Parenting Cognitive Development: The Institutional Effects of Mass Education on the Social Construction of Parenting and Childhood

Open Access
Author:
Schaub, Maryellen
Graduate Program:
Sociology
Degree:
Doctor of Philosophy
Document Type:
Dissertation
Date of Defense:
July 20, 2004
Committee Members:
  • John David Mccarthy, Committee Chair
  • Sean Reardon, Committee Member
  • Roger Kent Finke, Committee Member
  • John Kramer, Committee Member
Keywords:
  • Childhood
  • Parenting
  • Education
Abstract:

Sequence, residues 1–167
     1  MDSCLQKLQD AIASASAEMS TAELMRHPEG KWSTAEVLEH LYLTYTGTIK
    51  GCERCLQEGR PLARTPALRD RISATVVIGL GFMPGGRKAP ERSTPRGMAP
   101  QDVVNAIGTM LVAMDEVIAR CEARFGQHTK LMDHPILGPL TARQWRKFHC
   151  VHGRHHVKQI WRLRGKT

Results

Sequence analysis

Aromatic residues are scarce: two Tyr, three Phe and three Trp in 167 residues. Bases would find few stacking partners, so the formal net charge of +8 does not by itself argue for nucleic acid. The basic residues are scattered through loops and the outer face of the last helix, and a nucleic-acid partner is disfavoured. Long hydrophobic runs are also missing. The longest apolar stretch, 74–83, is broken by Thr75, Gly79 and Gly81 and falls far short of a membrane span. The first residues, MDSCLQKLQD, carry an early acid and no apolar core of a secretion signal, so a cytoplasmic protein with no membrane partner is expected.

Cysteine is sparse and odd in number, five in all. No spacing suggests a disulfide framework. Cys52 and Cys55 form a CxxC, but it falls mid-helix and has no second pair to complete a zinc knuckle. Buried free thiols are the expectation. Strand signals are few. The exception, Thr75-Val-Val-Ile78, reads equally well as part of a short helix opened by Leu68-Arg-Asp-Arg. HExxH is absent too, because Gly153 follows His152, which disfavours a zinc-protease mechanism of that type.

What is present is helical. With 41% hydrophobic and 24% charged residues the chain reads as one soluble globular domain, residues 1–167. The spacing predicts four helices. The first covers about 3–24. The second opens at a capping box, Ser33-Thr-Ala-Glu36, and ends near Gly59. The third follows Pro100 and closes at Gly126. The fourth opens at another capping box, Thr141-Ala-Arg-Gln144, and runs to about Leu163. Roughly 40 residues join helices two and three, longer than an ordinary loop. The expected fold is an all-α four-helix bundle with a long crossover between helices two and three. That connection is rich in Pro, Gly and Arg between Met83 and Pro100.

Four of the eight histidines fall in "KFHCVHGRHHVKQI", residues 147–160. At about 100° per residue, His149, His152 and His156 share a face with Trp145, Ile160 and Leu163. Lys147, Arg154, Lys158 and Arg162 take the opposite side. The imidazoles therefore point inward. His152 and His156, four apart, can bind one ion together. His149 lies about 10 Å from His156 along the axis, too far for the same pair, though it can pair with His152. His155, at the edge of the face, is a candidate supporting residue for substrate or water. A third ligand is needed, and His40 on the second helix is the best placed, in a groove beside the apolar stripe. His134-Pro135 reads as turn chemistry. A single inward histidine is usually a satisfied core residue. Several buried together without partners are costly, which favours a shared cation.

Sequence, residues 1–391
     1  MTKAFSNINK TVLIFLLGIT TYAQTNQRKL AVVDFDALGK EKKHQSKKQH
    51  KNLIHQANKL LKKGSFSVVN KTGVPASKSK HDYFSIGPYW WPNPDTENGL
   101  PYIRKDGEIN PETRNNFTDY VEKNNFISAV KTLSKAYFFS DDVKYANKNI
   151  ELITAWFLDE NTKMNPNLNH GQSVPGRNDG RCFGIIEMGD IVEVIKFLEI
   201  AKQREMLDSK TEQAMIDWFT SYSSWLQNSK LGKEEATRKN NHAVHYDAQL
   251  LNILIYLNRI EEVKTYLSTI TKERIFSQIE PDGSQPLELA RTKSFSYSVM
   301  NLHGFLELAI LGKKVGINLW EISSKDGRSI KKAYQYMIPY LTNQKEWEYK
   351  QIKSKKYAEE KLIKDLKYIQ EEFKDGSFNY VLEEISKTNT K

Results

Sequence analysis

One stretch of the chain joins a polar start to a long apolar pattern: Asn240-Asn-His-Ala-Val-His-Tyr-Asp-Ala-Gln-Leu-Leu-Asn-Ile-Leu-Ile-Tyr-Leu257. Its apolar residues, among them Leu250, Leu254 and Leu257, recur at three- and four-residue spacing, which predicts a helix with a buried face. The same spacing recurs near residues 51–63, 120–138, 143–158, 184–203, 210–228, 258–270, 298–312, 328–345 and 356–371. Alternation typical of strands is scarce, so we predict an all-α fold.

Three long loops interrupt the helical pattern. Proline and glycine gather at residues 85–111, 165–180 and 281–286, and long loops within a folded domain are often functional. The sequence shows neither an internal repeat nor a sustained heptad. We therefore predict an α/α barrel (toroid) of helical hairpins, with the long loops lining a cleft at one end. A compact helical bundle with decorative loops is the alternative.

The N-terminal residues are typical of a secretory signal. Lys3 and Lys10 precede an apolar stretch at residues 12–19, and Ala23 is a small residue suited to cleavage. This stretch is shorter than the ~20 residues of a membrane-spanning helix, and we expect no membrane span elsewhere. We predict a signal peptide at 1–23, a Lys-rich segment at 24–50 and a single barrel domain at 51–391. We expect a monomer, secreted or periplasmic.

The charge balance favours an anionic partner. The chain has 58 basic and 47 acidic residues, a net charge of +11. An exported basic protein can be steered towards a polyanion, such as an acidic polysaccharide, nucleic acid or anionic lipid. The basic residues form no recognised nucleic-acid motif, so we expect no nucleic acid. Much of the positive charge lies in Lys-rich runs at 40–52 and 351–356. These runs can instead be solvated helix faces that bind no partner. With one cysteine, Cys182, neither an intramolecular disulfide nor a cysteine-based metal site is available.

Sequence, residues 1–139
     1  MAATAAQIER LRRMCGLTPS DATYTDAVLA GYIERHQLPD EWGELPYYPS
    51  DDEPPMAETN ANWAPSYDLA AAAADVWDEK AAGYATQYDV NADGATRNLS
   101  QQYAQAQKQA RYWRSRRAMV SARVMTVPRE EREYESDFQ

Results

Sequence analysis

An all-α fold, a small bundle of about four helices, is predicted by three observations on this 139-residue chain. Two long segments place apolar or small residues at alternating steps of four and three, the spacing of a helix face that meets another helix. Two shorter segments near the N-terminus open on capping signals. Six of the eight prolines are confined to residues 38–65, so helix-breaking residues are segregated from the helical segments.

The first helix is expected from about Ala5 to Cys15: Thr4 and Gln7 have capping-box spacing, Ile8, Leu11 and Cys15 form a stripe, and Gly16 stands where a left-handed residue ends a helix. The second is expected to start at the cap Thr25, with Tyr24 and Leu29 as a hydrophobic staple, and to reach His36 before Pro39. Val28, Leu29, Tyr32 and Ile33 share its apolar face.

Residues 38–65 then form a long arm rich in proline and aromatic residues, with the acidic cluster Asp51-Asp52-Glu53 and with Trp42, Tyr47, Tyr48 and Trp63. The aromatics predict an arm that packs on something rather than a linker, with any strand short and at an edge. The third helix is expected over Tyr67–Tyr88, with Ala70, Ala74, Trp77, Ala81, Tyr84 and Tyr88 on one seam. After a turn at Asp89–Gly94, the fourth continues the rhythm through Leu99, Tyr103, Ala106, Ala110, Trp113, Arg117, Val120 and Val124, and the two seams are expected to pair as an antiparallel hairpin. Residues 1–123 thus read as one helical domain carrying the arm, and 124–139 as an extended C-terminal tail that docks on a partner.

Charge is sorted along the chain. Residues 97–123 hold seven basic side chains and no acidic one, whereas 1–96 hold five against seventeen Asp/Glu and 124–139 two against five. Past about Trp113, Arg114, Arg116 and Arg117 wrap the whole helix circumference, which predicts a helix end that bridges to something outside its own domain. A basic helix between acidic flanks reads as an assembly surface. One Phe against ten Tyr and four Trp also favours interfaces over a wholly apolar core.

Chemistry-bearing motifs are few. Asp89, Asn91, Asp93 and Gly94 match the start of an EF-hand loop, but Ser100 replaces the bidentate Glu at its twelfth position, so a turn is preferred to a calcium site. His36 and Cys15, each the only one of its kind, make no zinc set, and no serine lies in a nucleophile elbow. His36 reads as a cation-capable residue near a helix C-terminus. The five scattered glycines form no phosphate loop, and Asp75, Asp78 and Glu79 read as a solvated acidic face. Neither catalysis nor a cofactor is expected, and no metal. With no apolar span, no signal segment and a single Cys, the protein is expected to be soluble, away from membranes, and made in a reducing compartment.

A pivotal idea in this dissertation is that prevailing notions of childhood have changed over time in the U.S. Specifically, I show that changes have occurred in parent behaviors regarding cognitive development of their young children and argue that the growing trend in the parenting of cognitive development in young children in the latter half of the 20th century was largely attributable to the institutionalization of mass schooling. This dissertation examines parenting cognitive development from 1951 to 2001 in five ways. First, I compare and contrast three strains of relevant theoretical work from Peter Berger, John Meyer and Phillip Aries. Second I review several relevant literatures: 1) the sociological literature on changes in parenting in the U.S. during the 20th century; 2) the research literature on changes in the U.S. during the 20th century in expert literature to parents on cognitive development of children; 3) the research literature on parental involvement in schooling; and 4) the demographic literature on family trends in the 20th century. Next, I present analyses of parent behavior from Patterns of Childrearing 1951-52, the Detroit Area Study 1963, and the National Household Education Surveys 1991 and 2001 to show the changes in parent behaviors around the cognitive development of their children in the U.S. in the 50 year span from 1951 to 2001. Fourth, I demonstrate the changing impact of household income and mothers’ education as evidence of the overall influence of mass education on norms and behaviors of parents. Finally, I describe the normative nature of parenting cognitive development by the beginning of the 21st century using the National Household Education Survey 1991, 1993, 1996, 1999, and 2001 and speculate on its implications for the sociologies of parenting and education, as well as a neo-institutional analysis of schooling. In addition, I contrast my institutional argument with a demographic one. The results show parents increasingly spent more time engaging in activities related to cognitive development over the second half of the 20th century so that by 1991 it was normative behavior but continued to increase in the following decade. In addition, mothers’ education became an increasingly better predictor of parenting cognitive development over the latter half of the 20th century however, in the last decade of the 20th century the effects of mothers’ education on parenting cognitive development declined and the trends began to converge as further evidence of parenting cognitive development as normative behavior.